MetSoc Home            Publications            Contacts  
Search the Meteoritical Bulletin Database
Last update: 3 Sep 2023
Search for: Search type: Search limits: Display: Publication:
Text help
Starts with
Sounds like
Falls  Non-NWAs
What's new
  in the last:
Limit to approved meteorite names
Search text:  
Allan Hills 85001
Basic information Name: Allan Hills 85001
     This is an OFFICIAL meteorite name.
Abbreviation: ALH 85001
Observed fall: No
Year found: 1985
Country: Antarctica [Collected by US Antarctic Search for Meteorites program (ANSMET)]
Mass:help 212 g
Antarctic Meteorite Newsletter:  AMN 9(3)  (1986)  Eucrite
AMN 17(1)  (1994)  Eucrite-Mg-rich
Meteoritical Bulletin:  MB 76  (1994)  Eucrite-Mg-rich
NHM Catalogue:  5th Edition  (2000)  Eucrite-Mg rich
MetBase:  v. 7.1  (2006)  Eucrite-cm
Recommended:  Eucrite-Mg rich    [explanation]

This is 1 of 3 approved meteorites classified as Eucrite-Mg rich.   [show all]
Search for other: Achondrites, Eucrites, and HED achondrites
Writeup from AMN 9(3):

Sample No.: ALH85001

Location: Allan Hills

Weight (g): 212.3

Field No.: 2255

Dimensions (cm): 7 x 6 x 3.5

Meteorite Type: Eucrite


Macroscopic Description: Roberta Score

ALH85001 appears to be an oriented stone covered by a shiny black fusion crust with thick flow lines. Areas devoid of fusion crust have weathered to a brownish-gray color. A discontinuous weathering rind, as thick as 4 mm, was exposed when the stone was chipped. The interior is made up of abundant laths of chalky-looking plagioclase in a light gray matrix. The way this stone has weathered is more typical of the Elephant Moraine eucrites than those found in the Allan Hills.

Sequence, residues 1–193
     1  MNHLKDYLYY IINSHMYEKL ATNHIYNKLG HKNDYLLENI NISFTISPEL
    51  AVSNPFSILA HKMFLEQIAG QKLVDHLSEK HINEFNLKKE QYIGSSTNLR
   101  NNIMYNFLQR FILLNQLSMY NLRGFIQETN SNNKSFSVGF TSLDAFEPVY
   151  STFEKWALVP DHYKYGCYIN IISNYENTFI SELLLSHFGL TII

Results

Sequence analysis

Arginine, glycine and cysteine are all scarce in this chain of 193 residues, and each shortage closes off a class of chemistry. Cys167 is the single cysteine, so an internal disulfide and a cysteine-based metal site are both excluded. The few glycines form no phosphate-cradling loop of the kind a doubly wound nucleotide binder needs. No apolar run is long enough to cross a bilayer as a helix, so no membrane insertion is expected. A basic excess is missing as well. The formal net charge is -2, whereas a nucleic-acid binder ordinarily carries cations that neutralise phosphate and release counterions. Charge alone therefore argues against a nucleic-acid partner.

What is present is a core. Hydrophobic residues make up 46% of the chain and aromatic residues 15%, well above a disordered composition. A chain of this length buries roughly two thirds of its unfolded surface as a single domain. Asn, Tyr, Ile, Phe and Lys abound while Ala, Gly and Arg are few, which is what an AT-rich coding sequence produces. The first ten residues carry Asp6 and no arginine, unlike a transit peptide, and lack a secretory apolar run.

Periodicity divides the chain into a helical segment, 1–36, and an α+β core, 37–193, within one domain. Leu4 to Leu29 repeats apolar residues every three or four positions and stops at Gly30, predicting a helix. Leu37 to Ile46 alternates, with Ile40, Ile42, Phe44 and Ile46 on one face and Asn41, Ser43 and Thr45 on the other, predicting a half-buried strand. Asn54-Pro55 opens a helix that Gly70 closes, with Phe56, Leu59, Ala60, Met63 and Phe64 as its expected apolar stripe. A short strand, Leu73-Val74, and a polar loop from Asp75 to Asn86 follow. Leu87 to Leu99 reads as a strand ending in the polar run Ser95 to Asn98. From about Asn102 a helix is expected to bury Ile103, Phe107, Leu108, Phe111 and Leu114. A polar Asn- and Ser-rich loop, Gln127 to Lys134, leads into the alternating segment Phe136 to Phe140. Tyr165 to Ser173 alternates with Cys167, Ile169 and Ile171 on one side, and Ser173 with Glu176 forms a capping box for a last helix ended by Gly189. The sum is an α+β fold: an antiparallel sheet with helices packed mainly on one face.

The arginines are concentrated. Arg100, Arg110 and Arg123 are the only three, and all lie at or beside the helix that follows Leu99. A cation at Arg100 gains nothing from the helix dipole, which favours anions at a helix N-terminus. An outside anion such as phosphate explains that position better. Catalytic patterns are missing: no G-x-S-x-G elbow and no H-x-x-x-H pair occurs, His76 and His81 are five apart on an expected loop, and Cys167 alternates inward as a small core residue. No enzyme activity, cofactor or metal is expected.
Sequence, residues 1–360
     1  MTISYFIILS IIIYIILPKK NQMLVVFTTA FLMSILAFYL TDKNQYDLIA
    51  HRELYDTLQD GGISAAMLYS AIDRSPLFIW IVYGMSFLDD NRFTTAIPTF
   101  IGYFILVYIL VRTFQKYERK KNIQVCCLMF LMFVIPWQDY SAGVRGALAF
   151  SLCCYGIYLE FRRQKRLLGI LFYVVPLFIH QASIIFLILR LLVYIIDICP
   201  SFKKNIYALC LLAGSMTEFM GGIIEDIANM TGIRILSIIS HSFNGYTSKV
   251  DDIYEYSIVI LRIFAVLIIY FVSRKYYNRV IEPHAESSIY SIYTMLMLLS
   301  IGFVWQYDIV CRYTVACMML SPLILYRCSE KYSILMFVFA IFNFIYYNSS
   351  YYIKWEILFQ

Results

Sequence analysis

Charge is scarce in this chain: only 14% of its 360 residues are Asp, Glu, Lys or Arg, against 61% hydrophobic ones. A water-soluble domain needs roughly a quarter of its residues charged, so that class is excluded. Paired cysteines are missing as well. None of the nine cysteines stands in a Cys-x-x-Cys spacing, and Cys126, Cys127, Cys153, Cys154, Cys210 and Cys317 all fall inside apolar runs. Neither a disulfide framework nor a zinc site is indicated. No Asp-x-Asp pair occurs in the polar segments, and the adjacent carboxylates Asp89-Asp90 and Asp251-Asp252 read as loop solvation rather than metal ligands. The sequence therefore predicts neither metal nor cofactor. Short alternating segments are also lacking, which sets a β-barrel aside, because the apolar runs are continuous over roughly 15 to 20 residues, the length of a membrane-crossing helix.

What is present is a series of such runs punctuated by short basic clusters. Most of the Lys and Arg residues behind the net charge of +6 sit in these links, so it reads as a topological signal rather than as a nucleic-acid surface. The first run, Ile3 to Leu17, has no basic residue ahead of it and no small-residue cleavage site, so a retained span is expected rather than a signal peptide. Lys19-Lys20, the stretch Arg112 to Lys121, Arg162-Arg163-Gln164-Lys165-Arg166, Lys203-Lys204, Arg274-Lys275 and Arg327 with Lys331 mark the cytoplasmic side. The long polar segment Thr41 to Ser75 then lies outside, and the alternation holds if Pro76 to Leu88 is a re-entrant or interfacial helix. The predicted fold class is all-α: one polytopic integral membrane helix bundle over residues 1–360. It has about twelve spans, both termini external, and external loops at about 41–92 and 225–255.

Thin Section (,4) Description: Brian Mason

The section shows angular fragments of orthopyroxene and plagioclase, up to 2.4 mm across, in a comminuted groundmass of these minerals. Some of the pyroxene has lamellae and blebs of exsolved augite. One large gabbroic clast, 6 mm across with individual grains up to 3 mm, is present. Trace amounts of nickel-iron and troilite are present in the groundmass. Micro-probe analyses show that pyroxene compositions are remarkable uniform, Wo2Fs32, with a few more calcic grains, up to Wo8 (possibly incipient augite exsolution). Plagioclase composition is also fairly uniform, An92-94. The meteorite is a monomict eucrite with unusually magnesian pyroxene, similar to that in the Binda eucrite.

Data from:
  Table 2
  Line 1230:
Origin or pseudonym:Far Western
Mass (g):212.3
Class:Eu "mg"
Weathering grade:A/B
Ferrosilite (mol%):32
Search for specimens in the Smithsonian Institution collection (U.S.):   
    Require SI photo
Search for this meteorite in the NASA/JSC database (U.S.):   
References: Published in Antarctic Meteorite Newsletter 9(3) (1986), JSC, Houston
Published in Meteoritical Bulletin, no. 76, Meteoritics 29, 100-143 (1994)
Find references in NASA ADS:
Find references in Google Scholar:

     Catalogue of Meteorites:   (76° 43'S, 159° 40'E)
     Recommended::   (76° 50' 20"S, 156° 27' 8"E)
Note: the NHM and MetBase coordinates are 83.2 km apart

     This is 1 of 43857 approved meteorites from Antarctica (plus 3802 unapproved names)
Proximity search:
Find nearby meteorites: enter search radius (km):

Direct link to this page